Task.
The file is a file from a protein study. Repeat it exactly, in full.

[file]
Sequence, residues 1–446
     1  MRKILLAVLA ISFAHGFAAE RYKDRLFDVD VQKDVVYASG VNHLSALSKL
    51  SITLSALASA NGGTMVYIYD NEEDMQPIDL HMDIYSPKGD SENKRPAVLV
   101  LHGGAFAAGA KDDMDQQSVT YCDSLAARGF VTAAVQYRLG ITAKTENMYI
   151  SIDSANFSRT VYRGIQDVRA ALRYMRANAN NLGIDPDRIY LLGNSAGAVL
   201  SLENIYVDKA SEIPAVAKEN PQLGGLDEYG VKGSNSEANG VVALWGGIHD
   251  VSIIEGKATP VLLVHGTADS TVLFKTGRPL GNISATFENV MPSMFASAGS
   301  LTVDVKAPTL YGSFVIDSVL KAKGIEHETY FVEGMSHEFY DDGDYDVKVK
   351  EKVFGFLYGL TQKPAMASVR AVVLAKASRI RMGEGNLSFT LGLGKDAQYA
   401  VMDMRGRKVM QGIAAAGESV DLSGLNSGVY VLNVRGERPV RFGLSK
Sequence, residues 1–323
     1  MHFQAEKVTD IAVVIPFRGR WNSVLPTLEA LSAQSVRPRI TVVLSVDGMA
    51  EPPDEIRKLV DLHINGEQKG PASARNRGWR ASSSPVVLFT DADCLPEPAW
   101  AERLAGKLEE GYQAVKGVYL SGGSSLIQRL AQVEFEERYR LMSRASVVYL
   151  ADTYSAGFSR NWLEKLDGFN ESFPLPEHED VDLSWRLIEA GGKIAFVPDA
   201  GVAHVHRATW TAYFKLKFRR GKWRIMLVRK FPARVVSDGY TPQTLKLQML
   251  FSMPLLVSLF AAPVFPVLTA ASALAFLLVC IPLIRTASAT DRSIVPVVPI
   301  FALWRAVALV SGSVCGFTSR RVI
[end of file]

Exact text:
Sequence, residues 1–446
     1  MRKILLAVLA ISFAHGFAAE RYKDRLFDVD VQKDVVYASG VNHLSALSKL
    51  SITLSALASA NGGTMVYIYD NEEDMQPIDL HMDIYSPKGD SENKRPAVLV
   101  LHGGAFAAGA KDDMDQQSVT YCDSLAARGF VTAAVQYRLG ITAKTENMYI
   151  SIDSANFSRT VYRGIQDVRA ALRYMRANAN NLGIDPDRIY LLGNSAGAVL
   201  SLENIYVDKA SEIPAVAKEN PQLGGLDEYG VKGSNSEANG VVALWGGIHD
   251  VSIIEGKATP VLLVHGTADS TVLFKTGRPL GNISATFENV MPSMFASAGS
   301  LTVDVKAPTL YGSFVIDSVL KAKGIEHETY FVEGMSHEFY DDGDYDVKVK
   351  EKVFGFLYGL TQKPAMASVR AVVLAKASRI RMGEGNLSFT LGLGKDAQYA
   401  VMDMRGRKVM QGIAAAGESV DLSGLNSGVY VLNVRGERPV RFGLSK
Sequence, residues 1–323
     1  MHFQAEKVTD IAVVIPFRGR WNSVLPTLEA LSAQSVRPRI TVVLSVDGMA
    51  EPPDEIRKLV DLHINGEQKG PASARNRGWR ASSSPVVLFT DADCLPEPAW
   101  AERLAGKLEE GYQAVKGVYL SGGSSLIQRL AQVEFEERYR LMSRASVVYL
   151  ADTYSAGFSR NWLEKLDGFN ESFPLPEHED VDLSWRLIEA GGKIAFVPDA
   201  GVAHVHRATW TAYFKLKFRR GKWRIMLVRK FPARVVSDGY TPQTLKLQML
   251  FSMPLLVSLF AAPVFPVLTA ASALAFLLVC IPLIRTASAT DRSIVPVVPI
   301  FALWRAVALV SGSVCGFTSR RVI